Abruptly, the room went silent, and Thomas, the Visitor, and the two Grey Men turned, surprised, to the little girl.
“Good morning,” Anna spoke slowly and clearly. “My name is Anna.”
“Anna,” Thomas’ face flushed the way it always did when his daughter did something outlandish or he was faced with a particularly exciting piece of paperwork. “What are you doing here?”
“I have been suspended from school,” Anna informed him coolly. “I assure you that it was completely my fault.”
The two grey man exchanged looks of distaste, which was unpleasant enough, but not nearly as unsettling as the wide smile on the face of the Visitor. Wordlessly, he strode over to the little girl, extending a hand.
“Anna,” she took his hand, and he shook it. “I’m Mr. Emmett Samuels, but everyone calls me Sam, or Uncle Sam.”
“Why?” Anna asked.
“Well, many people find themselves extraordinarily comfortable around me due to my open and down-to-earth nature,” Mr. Samuels explained, very proud. “I’m known for being very approachable”
Anna did not find Mr. Samuels approachable and was exceedingly uncomfortable around him. There was a smug air to him which unsettled the young girl, and made her wish she hadn’t left Oinky in the hall outside. She could use the piglet’s fearlessness when faced with this peculiar man.
“Uncle Sam is one of the most successful men in America, Anna,” Anna’s father stood up, a warning in his voice. “And guess what? He was born and raised in Weary Winds!”
Anna remained silent, frowning. She found it hard to reconcile this polished man with her hometown.
“Indeed I was,” Mr. Samuels smiled. “I was privileged to grow up here, and now I hope to return the favor.”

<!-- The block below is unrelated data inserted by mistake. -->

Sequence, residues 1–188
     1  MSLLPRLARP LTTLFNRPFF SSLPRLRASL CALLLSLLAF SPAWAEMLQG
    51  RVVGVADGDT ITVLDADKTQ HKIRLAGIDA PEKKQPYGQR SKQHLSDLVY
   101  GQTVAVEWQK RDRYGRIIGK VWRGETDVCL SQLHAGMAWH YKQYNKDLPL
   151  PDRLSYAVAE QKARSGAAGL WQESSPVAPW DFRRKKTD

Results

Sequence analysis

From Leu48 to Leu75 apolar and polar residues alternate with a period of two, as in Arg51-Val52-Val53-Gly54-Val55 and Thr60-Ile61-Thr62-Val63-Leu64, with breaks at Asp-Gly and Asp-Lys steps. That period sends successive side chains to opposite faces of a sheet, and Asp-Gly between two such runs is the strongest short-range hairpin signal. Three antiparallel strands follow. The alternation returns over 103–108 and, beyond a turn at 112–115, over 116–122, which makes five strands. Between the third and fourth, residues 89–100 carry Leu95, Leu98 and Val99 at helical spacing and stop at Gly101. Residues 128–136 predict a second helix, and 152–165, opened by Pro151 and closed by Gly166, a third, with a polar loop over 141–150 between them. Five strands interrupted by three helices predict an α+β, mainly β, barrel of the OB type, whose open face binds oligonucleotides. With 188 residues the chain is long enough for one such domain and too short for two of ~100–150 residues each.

He paused, as if expecting Anna to ask him what he meant. Anna said nothing, merely regarding the older man carefully. She took in his receding hairline and neat salt-and-pepper hair, the crisp red, white, and blue suit which seemed to shimmer in the afternoon light, and the extraordinarily patronizing look in his eyes.
“It’s actually a stroke of fortune that you showed up,” one of the grey-suited men spoke up, causing Anna to jump slightly where she stood. Part of her had forgotten the men were there, they’d been so still the past few minutes.
“Indeed it is,” Anna’s father laughed nervously, strolling excitedly over to the table and retrieving the papers they’d been looking at. “Anna, sweetie, could you sign something for me, please?”
Anna crossed her arms. “What am I signing?”
“You don’t need to worry about that,” Mr. Samuels cooed. “It’s grown up business.”
Anna’s father flinched at this, and for good reason. Anna drew herself up, as tall as she could, and regarded Mr. Samuels with visible distaste.
“I find that while grown up business is often quite tedious,” she declared. “It is nevertheless important to understand. Father,” she turned to Thomas McDermott. “What do the papers say?”
“Well…” Mr. McDermott hesitated, unwilling to meet his daughter’s eyes. “It’s the deed to the Acres, you see. Mr. Samuels has offered us a more than generous portion of money for the farm. When your mother… passed, she left the land to you. I can’t do anything without your permission.”
Anna stood very still for a moment, taking this in. “What does he want a farm for?”
“We don’t want the farm,” One of the Grey-Men clasped their hands together, a patronizing look in their eyes. “We want the land.”
Once more, Anna’s father flinched. Anna’s jaw tightened, and she made a mental note to have a long conversation with her father about this later. But, for the moment, she had more pressing issues.
“I’m going to build a resort, Anna,” Mr. Samuels stepped towards the little girl, a sparkle in his eyes. “Weary Winds was home for me, and now others can see its beauty. Once we lay down the–“
“No,” Anna said simply.